top of page
Dreams of a New Earth
a sound design thesis by Jacob Montgomery
with cinematography and visual direction by Jonas Bishop Hayes
The process of developing this show began in earnest in Spring 2020. Looking at the prospects of trying to produce something in the midst of a global health crisis, I knew that there would be some challenges. Over the course of the following year, this project went through several iterations. At one point I even considered composing and writing a musical, but that ended up feeling a little bit too ambitious considering the circumstances. One thing that I knew I wanted to accomplish, however, was to create a project that encapsulated the skills I'd been developing over the last four years. Eventually, this fall, I developed a short document that reflected my goals and aspirations at the time.
Over the next months, I began producing sound sketches that would help me refine my goals and the aesthetics I wanted to explore. One of the initial ideas was to use sound that I recorded from the world around me in combination with sound that I generated. A couple of those (very rough) sketches are below.
00:00 / 06:18
This sketch represents an idea that I had, which was to record sound from outside my window, and then attempt to recreate it using various software tools. The first two minutes of this are the raw recording; the middle two minutes are using software instruments such as Native Instruments Ethereal Earth; the final two minutes using the program VCV Rack, a free Eurorack-simulator that I used to create more generative ideas. The idea here was to see how different elements of our natural soundscape could be translated through various sound design techniques.
00:00 / 01:41
For this sketch, rather than show how I could interpret the natural sounds differently, I wanted to explore how the natural sounds could interact with the synthesized sounds, simultaneously. This example is again using VCV Rack as the main synthesized sound source.
At this point, I went home to Chicago for the holiday break. While there, I starting thinking about adding a visual component to the process. I went to Starved Rock, a nearby state park, and set about recording a couple hours of sound and video that I could use. Although this didn't end up making it into the final product, it was great experience both with doing "location" recording, and with thinking about how to use video dynamically to tell a story. I continued to experiment with these sounds, using them in different applications and with different sound design ideas, through the early months of 2021, but struggled to find a thru-line that would make this not only a fruitful project for me, but one that I could share with my peers as an entertaining, if not thought-inspiring piece of work.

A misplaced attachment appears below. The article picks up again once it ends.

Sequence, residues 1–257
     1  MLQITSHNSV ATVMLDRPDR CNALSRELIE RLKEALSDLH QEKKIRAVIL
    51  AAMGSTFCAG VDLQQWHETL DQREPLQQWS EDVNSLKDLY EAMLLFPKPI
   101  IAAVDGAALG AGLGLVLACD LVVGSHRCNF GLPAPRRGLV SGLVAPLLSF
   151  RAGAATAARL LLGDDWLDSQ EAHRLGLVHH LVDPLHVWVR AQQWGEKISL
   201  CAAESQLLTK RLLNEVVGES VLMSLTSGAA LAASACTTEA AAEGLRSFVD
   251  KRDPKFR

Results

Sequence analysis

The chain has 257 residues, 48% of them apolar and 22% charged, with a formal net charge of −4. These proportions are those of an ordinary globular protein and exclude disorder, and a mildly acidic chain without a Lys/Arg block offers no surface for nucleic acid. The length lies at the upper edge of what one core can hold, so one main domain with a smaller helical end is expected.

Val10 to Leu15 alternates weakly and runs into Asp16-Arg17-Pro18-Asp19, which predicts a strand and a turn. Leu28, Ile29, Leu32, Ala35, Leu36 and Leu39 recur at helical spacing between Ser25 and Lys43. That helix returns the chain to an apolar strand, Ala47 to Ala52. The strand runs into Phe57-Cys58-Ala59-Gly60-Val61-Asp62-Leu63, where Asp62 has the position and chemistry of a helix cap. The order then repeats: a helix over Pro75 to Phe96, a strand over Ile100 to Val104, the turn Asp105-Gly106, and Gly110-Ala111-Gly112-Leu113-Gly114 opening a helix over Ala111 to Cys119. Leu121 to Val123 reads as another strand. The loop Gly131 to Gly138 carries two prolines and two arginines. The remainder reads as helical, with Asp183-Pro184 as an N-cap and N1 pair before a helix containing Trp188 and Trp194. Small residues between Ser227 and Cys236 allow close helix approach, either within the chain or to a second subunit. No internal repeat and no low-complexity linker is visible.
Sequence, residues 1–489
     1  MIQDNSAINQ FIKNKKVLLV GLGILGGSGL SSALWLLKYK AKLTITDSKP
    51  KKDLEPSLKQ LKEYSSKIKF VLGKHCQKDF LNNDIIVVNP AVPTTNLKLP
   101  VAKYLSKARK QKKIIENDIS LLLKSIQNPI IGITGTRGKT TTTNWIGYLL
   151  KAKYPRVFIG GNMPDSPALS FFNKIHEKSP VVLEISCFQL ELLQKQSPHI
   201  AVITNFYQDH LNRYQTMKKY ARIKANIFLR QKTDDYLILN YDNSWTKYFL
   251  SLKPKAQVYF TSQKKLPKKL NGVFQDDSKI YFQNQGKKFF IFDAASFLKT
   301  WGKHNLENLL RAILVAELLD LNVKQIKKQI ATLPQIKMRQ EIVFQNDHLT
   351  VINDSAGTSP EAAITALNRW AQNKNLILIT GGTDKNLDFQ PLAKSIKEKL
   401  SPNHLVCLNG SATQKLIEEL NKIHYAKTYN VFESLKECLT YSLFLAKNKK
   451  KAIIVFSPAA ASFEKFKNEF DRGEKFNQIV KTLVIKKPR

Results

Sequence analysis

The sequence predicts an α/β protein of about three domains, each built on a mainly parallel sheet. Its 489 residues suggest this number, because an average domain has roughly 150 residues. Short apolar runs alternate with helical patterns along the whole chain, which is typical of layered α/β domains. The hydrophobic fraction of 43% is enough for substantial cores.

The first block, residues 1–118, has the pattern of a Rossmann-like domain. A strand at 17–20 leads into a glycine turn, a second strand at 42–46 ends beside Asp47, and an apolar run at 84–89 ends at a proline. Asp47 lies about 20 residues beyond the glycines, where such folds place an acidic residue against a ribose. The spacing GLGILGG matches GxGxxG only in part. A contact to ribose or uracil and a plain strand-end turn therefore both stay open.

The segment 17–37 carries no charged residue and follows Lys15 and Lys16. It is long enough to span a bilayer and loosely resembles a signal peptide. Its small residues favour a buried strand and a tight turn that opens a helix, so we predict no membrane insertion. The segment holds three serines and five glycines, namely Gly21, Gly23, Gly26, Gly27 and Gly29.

Around the beginning of March 2021, I re-discovered a poem that I had picked up back in high school, titled "The Big Loser," by Max Ritvo. To me, this poem spoke to some of the ideas that I had been having as I was developing this project, so I wanted to move forward with it as more than just an inspiration, but as a framing device that I could graft my sound and video ideas on to. For a while, the poem was going to be part of the final project, either read aloud as a voice over, or simply as text. I identified the four main sections of the poem, and set about creating a piece of music that would match up to it not literally, but more emotionally and aesthetically. This was the major thrust of my work through March and April.
About a month before the presentation of this work, it became apparent that I would need help with the visual components, so I enlisted the help of my friend and colleague, Jonas Hayes (see more of his work here). We had collaborated before, when I scored two short films that he shot, and on a recent project with the New Repertory Theatre in Boston on a filmed staging of a play. So, knowing that we had similar aesthetics, I prepared the following script for us to follow as we moved forward. Note that while quite a lot is different from the final product (especially the title and a lot of the visual references), the structure and sounds mostly stayed the same.